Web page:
Who's watching you?

Do you know who watches the programming delivered by your station? If you are reaching for the latest ratings book so you can cite the number of viewers in specific demographic groups for various shows and day parts, stop!

This column is not about ratings and audience demographics. It is about the relationship your station has with its viewers.

Do you know their names, where they live and what they watch? Do you have the ability to communicate with them to better serve their needs? Are you building the tools and the skills needed to compete with those who have intimate knowledge about your customers and the ability to interact with them?

Chances are good that your answers to these questions are no. Why? Because you're a broadcaster. Your transmitters push analog and digital signals to the anonymous masses, the vast majority of which no longer use antennas to receive your signals.

You don't know them. They rarely communicate with you. And now you expect them to pay to watch your content if it is delivered by the cable, DBS and telco TV systems that serve your market. Some broadcasters may think this knowledge is trivial compared with the ability to leverage customer relationships to pad the bottom line with retransmission consent payments.

Maybe it's a good thing you don't know your viewers or talk to them. They might ask you why they should pay for the advertiser-supported content you have been giving away for decades. Perhaps they'll be sympathetic to your plight when you tell them that you want the same deal as all of those cable channels that they are paying for each month.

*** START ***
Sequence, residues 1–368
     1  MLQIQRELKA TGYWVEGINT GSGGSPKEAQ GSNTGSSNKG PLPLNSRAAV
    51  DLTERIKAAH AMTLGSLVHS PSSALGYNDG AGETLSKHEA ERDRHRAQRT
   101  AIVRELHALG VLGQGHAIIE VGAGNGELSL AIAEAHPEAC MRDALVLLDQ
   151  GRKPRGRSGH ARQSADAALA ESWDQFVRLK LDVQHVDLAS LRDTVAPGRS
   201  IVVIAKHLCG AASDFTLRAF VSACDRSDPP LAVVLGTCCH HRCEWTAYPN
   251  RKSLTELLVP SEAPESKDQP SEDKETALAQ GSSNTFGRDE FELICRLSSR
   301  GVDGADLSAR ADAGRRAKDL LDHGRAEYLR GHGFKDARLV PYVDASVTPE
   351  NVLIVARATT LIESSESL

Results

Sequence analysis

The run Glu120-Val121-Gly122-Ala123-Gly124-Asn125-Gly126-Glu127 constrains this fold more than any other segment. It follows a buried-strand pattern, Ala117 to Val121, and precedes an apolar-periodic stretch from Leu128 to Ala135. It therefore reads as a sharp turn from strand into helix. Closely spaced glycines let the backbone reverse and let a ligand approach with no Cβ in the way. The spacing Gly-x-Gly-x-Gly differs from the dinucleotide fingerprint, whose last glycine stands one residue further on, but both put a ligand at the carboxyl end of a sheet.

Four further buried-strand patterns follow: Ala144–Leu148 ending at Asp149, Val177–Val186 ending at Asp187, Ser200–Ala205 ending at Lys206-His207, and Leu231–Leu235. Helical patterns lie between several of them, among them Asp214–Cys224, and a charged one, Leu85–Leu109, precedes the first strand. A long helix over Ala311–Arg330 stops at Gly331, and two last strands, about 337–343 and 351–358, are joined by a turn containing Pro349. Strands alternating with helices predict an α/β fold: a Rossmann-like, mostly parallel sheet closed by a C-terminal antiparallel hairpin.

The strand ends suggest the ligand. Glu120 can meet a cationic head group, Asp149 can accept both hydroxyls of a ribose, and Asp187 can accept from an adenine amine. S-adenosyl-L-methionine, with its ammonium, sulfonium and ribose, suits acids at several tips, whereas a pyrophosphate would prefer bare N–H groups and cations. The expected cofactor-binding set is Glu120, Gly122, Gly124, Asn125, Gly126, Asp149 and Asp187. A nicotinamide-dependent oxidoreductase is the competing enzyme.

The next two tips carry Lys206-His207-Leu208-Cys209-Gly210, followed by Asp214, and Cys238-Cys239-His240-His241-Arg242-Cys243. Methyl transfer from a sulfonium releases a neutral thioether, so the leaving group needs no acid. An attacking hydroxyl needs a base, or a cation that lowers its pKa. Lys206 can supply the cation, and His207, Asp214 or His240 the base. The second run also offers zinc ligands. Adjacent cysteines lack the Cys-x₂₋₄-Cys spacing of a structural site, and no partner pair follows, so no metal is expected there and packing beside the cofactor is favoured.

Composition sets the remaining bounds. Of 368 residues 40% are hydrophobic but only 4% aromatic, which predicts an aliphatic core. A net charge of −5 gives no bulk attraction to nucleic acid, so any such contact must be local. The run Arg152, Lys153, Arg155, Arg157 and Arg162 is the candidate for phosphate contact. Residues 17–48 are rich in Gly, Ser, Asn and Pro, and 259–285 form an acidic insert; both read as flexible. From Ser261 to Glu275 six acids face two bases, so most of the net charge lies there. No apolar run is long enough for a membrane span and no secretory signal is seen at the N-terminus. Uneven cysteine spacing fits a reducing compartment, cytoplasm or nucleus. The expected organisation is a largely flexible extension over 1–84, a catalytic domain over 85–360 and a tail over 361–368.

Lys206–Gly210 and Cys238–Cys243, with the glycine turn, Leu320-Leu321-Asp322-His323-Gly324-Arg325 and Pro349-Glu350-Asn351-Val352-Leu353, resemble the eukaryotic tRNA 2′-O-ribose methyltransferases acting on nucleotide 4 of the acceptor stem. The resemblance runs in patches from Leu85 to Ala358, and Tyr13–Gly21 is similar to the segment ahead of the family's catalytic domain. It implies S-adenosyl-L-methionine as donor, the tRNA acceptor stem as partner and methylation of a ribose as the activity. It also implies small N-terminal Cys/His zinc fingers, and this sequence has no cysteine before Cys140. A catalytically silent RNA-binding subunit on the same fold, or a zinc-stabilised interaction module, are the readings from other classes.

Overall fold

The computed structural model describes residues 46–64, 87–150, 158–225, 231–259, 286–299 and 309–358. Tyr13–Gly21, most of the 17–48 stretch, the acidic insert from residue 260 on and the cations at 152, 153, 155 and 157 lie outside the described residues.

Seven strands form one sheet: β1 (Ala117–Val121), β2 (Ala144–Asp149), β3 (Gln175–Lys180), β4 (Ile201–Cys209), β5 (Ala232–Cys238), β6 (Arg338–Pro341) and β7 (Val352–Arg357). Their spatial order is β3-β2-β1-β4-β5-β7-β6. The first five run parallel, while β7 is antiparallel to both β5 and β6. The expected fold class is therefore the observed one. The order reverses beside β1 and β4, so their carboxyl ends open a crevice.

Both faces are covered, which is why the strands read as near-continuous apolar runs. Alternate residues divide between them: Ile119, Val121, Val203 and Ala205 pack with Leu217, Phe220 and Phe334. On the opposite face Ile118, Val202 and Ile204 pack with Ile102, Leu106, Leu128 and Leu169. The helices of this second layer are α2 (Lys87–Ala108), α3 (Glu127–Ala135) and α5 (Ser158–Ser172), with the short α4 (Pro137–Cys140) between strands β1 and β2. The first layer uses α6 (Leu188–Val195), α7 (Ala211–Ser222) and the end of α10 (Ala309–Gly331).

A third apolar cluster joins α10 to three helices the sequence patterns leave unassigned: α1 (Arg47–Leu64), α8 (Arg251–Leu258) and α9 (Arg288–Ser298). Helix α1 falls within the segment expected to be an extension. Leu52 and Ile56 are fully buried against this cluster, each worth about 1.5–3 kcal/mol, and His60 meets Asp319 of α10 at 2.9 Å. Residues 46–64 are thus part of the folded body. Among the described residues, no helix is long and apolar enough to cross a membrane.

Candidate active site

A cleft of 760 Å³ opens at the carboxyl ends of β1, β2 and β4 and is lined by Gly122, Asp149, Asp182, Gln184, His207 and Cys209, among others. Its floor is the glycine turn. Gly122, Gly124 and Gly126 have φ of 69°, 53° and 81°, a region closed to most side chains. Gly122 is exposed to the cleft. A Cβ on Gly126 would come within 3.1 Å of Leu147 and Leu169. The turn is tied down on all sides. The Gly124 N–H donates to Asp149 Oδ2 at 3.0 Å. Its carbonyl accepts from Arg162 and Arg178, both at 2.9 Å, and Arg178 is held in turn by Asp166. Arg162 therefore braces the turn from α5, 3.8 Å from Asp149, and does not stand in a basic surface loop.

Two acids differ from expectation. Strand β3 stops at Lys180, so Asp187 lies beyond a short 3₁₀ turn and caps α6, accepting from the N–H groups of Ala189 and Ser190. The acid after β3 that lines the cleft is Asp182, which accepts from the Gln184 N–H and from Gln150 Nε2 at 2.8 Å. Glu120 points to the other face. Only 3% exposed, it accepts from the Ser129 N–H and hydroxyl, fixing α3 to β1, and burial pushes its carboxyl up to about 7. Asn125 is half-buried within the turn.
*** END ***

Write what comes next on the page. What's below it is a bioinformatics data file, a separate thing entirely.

Here's why you need to worry about the future: Because analog TV could disappear in 2009. Because consumers may tell you and the rest of the TV industry where to stick it. And because they can spend the $50 to $100 a month they now send to a multichannel TV service to download the content they want via a broadband Internet connection.

A fork in the road

Be honest with yourself. Do you really believe that local broadcasting can survive the digital transition without changing the basic business model that has been in place since the middle of the last century?

I'm not talking about the DTV transition. That's almost over. I'm talking about the transition to a new digital communications infrastructure — the ability for anyone to access virtually any content at any time on a wide range of devices in the home, the office and on mobiles.

I'm talking about an emerging digital world, where the best coverage of that local news story comes from a viewer's video-enabled cell phone. I'm talking about the reality that a license to broadcast may stop being a license to print money.

We are approaching a fork in the road. One path leads to the digital cliff. The other leads to an intensely competitive digital world, where broadcasters will need to reinvent themselves in order to survive. Your survival will depend on the ability to leverage multiple infrastructures to get close to customers and the ability to create compelling content to meet their needs. Being a gatekeeper for media conglomerates that won't need your transmitters much longer will take you straight to the digital cliff.

Fortunately, the infrastructure to build relationships with viewers, and to create the new services that will help you survive, already exists. (Hint: It's called the Internet). A station's Web site may be the most important tool for the survival and rebirth of over-the-air TV.